I basically agree with this list — although I’m not sure about interest rate swaps and TIPS. I would also agree with part of his comment that “‘CDOs-squared’ and ‘SIVs’ were merely new names for lending long and borrowing short” — I think SIVs do have a limited useful function but are easily prone to abuse.
And I would disagree with his comment that the GSE charters for Fannie Mae and Freddie Mac were illusory innovations. Without them, one of his innovations — the 30 year fixed-rate mortgage — would not have existed. I think this is more the case of innovations that go beyond the time or scope or of their usefulness. The automobile does not qualify as an illusory innovation simply because someone has created a jet powered car that can only be run on the Bonnville salt flats. We need to carefully distinguish between the real innovation and the extreme use or abuse of that innovation.
So let me add one additional real innovation to the list: financial regulations that help prevent the harmful extreme use or abuse of a real innovation. Surely we can agree upon that.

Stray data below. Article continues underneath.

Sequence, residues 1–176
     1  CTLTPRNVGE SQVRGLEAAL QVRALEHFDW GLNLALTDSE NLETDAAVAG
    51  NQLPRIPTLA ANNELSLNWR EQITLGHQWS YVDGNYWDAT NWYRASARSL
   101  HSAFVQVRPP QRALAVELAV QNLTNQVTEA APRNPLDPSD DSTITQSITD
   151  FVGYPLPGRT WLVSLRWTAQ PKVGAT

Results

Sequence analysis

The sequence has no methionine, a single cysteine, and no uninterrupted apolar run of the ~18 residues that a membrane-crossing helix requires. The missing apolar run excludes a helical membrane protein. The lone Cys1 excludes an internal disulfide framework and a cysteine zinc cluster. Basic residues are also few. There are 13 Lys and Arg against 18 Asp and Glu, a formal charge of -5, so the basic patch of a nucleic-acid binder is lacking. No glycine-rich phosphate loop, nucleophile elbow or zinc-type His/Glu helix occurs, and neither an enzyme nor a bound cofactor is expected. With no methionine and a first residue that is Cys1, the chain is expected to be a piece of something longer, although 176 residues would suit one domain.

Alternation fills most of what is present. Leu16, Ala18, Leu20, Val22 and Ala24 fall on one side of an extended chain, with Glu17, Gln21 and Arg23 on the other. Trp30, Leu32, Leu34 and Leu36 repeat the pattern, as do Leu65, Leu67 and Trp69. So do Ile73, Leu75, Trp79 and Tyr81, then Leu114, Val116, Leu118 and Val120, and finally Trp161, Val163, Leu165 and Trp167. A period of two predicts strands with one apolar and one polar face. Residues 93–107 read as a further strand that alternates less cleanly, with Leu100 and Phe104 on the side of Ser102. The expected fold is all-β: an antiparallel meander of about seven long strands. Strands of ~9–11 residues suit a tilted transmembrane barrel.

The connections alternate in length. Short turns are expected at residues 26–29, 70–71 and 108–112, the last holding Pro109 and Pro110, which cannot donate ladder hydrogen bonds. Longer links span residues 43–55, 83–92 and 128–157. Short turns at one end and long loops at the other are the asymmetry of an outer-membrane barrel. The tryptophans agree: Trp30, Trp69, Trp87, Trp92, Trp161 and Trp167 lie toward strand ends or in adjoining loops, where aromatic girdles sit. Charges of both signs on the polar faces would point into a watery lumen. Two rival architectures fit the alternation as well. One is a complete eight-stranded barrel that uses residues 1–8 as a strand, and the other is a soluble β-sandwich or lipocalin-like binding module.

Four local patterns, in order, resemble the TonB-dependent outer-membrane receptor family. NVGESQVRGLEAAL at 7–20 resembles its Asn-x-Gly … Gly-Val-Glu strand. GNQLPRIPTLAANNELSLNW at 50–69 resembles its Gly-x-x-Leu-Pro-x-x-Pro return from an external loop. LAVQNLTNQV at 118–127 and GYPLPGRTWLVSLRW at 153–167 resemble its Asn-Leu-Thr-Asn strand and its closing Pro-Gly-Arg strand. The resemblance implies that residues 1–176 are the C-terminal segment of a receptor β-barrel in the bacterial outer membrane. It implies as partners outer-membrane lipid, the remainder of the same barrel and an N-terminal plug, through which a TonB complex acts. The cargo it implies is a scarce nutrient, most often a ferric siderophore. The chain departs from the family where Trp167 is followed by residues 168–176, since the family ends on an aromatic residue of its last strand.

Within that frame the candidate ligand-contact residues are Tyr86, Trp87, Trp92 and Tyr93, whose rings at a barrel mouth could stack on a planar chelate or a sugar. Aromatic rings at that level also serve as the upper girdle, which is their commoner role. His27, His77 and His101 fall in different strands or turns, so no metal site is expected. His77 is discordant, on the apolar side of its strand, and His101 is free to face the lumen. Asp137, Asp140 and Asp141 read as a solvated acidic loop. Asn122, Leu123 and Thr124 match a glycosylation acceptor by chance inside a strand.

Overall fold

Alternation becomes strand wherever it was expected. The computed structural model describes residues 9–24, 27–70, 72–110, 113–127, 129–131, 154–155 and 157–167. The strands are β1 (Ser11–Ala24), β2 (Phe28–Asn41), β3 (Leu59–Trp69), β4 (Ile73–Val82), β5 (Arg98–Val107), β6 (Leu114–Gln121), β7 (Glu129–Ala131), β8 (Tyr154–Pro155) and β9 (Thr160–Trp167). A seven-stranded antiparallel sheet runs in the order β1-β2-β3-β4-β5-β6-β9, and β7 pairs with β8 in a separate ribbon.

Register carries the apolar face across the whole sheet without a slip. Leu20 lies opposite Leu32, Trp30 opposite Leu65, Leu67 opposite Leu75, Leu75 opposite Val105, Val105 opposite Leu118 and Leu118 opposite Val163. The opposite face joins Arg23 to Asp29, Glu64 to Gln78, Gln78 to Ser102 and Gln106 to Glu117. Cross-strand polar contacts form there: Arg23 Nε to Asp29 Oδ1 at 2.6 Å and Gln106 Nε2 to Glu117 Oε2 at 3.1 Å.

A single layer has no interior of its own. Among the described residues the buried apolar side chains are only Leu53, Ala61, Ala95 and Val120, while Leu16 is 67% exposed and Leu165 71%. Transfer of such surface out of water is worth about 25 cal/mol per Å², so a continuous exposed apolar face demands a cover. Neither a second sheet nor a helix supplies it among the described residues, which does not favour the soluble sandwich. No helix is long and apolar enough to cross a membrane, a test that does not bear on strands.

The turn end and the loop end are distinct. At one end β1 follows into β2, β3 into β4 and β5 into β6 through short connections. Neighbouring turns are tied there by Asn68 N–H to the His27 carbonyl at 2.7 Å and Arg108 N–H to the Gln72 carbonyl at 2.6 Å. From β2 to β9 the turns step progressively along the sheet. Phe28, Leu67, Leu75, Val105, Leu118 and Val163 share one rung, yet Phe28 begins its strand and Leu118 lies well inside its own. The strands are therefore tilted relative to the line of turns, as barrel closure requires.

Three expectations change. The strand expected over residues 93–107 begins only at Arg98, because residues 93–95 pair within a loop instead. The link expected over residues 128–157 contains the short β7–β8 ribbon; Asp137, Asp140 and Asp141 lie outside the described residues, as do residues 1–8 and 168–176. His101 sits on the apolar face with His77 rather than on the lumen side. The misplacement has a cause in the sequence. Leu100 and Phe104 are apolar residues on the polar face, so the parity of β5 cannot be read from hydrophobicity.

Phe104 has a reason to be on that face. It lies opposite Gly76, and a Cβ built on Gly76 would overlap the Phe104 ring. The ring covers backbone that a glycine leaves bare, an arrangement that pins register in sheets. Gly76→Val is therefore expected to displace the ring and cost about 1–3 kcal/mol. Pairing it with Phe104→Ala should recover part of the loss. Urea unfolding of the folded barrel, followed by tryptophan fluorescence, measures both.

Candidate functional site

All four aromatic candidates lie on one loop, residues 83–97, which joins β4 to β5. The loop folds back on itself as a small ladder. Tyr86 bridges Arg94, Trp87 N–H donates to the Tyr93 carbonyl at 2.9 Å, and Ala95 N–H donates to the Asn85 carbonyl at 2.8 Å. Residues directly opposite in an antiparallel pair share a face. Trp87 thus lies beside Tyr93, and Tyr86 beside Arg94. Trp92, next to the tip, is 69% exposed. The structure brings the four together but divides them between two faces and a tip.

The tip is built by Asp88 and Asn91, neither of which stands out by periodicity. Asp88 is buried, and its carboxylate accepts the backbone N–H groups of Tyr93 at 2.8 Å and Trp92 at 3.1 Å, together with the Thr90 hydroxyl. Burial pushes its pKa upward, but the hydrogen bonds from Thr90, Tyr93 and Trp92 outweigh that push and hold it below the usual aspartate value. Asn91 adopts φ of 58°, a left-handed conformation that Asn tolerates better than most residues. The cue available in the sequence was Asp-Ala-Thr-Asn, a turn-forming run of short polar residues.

Return of the digital divide

A new report is out on the Internet which raises the concern over a digital divide. As the Washington Post story (“Survey of online access finds digital divide”) sums it up:

A first-of-its-kind federal survey of online access found that Americans in lower-income and rural areas often have slower Internet connections than users in wealthier communities.

This new survey of internet usage, Digital Nation: Expanding Internet Usage, was released yesterday by the Commerce Department’s National Telecomminications and information Administration. The press release highlights the following points: